Thanks once again to James for his time and generosity. I’m sure you will be hearing about him and seeing a lot more of his work in the future. You can see more of James’s work here at his website.

I’ve recently become a convert to Myspace (as usual, hopping on the bandwagon when it has already just about passed over the horizon!) Anyway, I’ve found it an interesting source for creative people demonstrating their talents, some of them have even been kind enough to answer a few questions I’ve thrown at them out of the blue, and let me transcribe their responses right here on the little ‘ol blog of mine.

First victim is Adelaide Illustrator/Designer Eugenia Tsimiklis. I was really impressed with her beautiful sinuous illustrations and pattern work on her attractive Myspace page (making your Myspace page look hald decent is a task in itself!) Eugenia graduated with a Bachelor of Visual Communications (Graphic Design and Illustration) and moved to London from Australia in 2001. After working as a Graphic Designer in an Architectural firm, she then turned her hand to fashion textiles. As a textile designer for womenswear her textile designs have been seen on a large variety of labels from high end designer labels right through to high street labels. She worked for a London studio initially and is now freelancing as a textile designer and illustrator.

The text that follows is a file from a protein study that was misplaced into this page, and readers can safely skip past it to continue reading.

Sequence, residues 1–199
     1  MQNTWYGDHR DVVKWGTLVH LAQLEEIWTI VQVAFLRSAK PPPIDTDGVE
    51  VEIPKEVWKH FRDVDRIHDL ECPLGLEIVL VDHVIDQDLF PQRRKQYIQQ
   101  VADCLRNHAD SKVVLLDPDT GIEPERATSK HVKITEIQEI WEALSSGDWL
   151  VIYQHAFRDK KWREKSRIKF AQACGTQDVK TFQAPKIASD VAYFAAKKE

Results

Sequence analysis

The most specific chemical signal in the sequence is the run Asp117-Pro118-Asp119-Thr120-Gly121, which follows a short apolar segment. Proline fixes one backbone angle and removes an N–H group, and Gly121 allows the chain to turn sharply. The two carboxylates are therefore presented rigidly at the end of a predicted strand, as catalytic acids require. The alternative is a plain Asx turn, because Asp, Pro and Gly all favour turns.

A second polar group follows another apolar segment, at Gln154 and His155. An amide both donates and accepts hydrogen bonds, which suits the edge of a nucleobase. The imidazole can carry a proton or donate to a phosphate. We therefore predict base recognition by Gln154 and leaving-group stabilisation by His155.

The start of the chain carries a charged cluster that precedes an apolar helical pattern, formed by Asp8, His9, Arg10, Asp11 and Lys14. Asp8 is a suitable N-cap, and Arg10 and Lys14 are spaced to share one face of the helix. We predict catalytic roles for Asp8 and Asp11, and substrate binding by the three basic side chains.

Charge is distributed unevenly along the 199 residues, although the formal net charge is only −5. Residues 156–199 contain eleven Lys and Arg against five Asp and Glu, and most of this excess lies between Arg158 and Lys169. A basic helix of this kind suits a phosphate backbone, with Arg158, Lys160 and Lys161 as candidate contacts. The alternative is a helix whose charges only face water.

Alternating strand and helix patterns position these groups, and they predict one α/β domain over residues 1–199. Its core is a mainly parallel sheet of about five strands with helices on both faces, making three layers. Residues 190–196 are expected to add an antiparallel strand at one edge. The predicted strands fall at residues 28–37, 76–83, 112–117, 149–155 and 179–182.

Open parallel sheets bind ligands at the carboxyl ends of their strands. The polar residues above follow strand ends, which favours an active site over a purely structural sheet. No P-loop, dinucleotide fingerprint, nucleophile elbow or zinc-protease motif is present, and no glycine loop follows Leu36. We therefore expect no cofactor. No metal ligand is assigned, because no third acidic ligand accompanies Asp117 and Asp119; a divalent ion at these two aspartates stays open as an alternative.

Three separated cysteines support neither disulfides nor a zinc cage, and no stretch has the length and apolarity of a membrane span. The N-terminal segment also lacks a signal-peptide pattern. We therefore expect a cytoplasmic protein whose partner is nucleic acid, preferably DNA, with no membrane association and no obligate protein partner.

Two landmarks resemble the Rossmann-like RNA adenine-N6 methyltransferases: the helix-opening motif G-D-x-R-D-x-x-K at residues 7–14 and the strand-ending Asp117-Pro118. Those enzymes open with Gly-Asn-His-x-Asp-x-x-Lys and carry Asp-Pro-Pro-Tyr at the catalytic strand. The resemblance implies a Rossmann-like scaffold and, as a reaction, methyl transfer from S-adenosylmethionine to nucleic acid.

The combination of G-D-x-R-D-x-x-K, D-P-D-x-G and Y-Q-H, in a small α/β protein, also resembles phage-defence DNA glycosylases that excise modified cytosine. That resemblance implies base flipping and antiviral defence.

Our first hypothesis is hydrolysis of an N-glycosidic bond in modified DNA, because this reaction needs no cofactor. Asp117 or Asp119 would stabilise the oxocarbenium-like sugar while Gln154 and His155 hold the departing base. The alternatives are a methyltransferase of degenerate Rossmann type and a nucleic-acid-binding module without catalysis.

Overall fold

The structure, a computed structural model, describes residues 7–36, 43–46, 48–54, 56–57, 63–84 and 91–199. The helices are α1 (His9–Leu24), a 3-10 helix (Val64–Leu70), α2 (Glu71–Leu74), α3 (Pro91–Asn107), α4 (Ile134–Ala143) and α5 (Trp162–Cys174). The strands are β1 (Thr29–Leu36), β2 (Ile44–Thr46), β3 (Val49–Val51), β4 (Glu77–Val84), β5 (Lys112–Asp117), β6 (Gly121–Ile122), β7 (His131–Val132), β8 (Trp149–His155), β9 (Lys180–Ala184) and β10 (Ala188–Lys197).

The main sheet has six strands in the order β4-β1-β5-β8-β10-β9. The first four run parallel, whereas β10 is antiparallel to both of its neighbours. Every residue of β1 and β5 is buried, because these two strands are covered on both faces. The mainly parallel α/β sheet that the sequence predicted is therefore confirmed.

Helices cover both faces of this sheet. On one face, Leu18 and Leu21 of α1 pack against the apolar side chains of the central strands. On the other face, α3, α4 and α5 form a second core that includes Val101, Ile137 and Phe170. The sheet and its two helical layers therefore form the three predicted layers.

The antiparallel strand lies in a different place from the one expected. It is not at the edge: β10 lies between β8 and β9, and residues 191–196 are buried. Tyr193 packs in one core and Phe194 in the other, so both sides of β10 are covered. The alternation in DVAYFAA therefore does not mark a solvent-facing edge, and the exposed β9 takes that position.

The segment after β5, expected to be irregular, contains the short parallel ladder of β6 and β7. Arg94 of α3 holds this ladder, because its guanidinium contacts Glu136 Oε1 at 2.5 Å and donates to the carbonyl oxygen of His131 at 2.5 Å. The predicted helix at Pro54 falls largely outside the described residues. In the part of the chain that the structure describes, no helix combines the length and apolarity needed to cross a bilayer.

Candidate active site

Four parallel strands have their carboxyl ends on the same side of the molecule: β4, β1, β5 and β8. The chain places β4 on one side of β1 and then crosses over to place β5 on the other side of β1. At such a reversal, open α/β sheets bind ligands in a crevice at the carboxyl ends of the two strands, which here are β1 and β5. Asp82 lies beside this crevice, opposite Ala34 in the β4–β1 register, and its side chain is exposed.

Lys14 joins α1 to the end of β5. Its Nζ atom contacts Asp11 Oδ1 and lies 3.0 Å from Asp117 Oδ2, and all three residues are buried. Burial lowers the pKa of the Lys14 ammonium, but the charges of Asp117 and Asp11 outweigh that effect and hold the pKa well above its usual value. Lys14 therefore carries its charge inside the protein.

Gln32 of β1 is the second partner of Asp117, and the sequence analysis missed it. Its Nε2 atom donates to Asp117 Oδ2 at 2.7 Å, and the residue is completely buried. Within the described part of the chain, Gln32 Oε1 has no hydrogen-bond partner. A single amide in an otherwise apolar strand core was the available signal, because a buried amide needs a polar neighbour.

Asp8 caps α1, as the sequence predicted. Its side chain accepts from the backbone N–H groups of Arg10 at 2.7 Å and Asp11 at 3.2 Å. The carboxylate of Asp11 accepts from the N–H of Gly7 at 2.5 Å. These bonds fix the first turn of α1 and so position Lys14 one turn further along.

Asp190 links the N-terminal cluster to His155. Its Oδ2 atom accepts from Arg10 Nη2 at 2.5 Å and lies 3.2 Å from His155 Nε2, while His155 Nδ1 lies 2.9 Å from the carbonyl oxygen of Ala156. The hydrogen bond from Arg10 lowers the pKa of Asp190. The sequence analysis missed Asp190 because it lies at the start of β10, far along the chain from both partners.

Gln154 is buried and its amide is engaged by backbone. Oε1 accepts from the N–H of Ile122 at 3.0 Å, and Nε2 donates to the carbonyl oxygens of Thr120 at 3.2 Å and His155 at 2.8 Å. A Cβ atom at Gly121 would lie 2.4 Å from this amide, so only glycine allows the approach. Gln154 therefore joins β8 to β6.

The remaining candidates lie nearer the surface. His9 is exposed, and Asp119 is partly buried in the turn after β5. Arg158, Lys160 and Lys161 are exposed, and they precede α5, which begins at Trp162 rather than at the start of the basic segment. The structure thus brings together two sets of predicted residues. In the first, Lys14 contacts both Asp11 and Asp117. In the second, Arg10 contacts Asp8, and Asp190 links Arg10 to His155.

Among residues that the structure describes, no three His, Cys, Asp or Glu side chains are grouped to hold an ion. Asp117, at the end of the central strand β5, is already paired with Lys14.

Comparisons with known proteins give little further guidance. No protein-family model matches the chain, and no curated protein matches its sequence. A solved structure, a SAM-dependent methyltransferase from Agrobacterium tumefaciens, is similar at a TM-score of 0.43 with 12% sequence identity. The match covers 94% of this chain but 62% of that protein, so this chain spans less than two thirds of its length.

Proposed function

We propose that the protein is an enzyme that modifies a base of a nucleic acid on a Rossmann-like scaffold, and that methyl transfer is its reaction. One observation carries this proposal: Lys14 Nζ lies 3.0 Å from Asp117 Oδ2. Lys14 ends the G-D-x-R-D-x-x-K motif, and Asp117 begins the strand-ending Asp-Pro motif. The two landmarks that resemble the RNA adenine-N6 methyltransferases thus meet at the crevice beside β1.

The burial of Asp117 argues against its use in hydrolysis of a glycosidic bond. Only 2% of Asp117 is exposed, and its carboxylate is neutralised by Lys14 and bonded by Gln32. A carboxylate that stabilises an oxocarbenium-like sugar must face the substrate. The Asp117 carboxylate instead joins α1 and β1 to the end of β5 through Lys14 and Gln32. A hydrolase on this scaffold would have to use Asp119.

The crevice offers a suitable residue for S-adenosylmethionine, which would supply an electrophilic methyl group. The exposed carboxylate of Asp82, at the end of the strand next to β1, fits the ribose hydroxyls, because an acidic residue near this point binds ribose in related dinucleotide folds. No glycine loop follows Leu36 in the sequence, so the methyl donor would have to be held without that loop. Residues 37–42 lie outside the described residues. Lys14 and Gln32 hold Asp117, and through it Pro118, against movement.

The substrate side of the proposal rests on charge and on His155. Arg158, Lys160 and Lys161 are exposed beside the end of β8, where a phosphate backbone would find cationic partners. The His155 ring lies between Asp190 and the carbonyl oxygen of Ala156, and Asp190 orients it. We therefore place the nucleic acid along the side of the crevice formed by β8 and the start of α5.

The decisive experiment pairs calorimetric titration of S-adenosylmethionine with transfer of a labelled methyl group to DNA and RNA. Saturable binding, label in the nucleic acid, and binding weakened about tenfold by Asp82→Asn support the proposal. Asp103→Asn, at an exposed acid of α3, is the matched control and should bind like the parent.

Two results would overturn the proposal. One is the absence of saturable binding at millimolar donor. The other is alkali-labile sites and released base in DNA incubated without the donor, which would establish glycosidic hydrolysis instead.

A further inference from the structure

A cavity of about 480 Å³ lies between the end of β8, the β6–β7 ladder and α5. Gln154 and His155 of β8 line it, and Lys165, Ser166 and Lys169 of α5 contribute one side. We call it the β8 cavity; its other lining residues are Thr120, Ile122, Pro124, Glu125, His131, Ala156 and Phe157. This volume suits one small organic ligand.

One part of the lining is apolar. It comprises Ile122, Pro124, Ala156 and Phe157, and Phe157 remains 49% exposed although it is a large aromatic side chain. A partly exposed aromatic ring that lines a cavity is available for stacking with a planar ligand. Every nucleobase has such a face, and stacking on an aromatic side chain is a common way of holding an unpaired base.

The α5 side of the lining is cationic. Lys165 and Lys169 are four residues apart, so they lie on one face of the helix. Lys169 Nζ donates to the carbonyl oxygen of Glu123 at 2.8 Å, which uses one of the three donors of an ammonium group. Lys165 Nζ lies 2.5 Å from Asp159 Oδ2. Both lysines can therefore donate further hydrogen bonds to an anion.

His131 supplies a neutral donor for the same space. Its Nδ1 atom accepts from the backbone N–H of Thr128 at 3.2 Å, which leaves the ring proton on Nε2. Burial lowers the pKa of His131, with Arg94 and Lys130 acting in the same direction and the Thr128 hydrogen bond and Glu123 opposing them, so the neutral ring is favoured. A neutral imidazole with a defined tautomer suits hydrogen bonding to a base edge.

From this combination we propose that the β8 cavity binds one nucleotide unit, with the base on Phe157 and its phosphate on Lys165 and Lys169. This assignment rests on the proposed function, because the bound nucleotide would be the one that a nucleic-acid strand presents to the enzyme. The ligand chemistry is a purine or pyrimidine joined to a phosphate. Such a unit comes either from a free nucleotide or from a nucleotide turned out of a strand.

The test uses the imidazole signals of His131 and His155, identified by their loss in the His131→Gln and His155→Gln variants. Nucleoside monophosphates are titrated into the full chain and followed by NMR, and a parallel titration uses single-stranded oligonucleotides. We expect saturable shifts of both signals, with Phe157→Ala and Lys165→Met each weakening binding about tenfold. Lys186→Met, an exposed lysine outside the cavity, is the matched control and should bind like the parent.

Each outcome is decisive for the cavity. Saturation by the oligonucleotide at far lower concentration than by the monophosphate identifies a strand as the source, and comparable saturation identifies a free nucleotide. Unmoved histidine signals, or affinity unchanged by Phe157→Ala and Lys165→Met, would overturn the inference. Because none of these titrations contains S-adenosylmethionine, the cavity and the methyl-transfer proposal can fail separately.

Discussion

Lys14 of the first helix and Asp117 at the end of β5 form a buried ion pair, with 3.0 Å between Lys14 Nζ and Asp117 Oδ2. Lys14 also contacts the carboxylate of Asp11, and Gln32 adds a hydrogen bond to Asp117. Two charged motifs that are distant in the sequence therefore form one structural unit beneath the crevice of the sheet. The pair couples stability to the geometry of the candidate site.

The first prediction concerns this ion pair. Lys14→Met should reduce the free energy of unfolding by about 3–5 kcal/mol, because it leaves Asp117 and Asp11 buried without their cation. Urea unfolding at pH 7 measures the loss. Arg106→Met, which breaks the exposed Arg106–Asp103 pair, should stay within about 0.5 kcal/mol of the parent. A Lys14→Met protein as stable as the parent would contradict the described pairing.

She has worked on a variety of fashion graphics projects for 33south, FATAIM and theworldchico. In addition her illustrations have been featured on the cover and several issues of The Big Issue, The Sunday Telegraph magazine, Beautiful Decay, neomu, Noise, etisoppo, pagesonline, Moody Buddha, in an exhibition at the Australian National Gallery and on a Channel 4 documentary, The Thin Club.

Chris Bowden: When did you first decide to become a designer. Was there the proverbial ‘pivotal moment’?

Eugenia Tsimiklis: Drawing and creating images are the things I’m most passionate about. I love patterns, decoration and colour. My way of working is at odds with most of the things I was taught at University, so it was only when I was approached to do freelance projects that I realised that there was a market for what I do. When I started working as a textile designer in London is when I became confident in my ability to be commercial as a designer.

CB: Who are what inspires you at the moment?

ET: I find travelling and leaving my comfort zone and being in a bustling city gives me a different perspective.

CB: Which of the projects that you have worked on in the past are you most proud of and why?